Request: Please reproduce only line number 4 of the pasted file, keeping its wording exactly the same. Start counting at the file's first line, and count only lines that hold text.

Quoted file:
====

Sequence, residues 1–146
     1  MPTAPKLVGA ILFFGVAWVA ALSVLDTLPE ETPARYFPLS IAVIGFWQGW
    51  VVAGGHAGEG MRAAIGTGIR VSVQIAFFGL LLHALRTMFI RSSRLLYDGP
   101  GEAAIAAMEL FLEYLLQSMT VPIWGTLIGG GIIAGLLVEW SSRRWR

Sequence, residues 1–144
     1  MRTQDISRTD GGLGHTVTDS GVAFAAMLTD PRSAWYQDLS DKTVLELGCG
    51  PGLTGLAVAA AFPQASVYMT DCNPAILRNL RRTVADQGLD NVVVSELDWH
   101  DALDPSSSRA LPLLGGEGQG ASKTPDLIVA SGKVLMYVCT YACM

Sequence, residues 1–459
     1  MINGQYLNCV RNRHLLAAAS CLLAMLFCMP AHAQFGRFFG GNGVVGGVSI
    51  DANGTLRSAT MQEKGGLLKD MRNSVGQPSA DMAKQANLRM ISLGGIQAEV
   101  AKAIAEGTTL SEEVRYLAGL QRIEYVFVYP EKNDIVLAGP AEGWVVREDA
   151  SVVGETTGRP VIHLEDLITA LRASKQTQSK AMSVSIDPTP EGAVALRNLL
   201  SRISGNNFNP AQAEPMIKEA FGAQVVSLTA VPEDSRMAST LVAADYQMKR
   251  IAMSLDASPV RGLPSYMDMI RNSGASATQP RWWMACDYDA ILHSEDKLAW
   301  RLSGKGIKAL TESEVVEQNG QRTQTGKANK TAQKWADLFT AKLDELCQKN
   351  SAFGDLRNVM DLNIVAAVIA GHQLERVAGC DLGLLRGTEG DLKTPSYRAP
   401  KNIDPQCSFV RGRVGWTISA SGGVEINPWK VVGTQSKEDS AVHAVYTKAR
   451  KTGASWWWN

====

   101  GEAAIAAMEL FLEYLLQSMT VPIWGTLIGG GIIAGLLVEW SSRRWR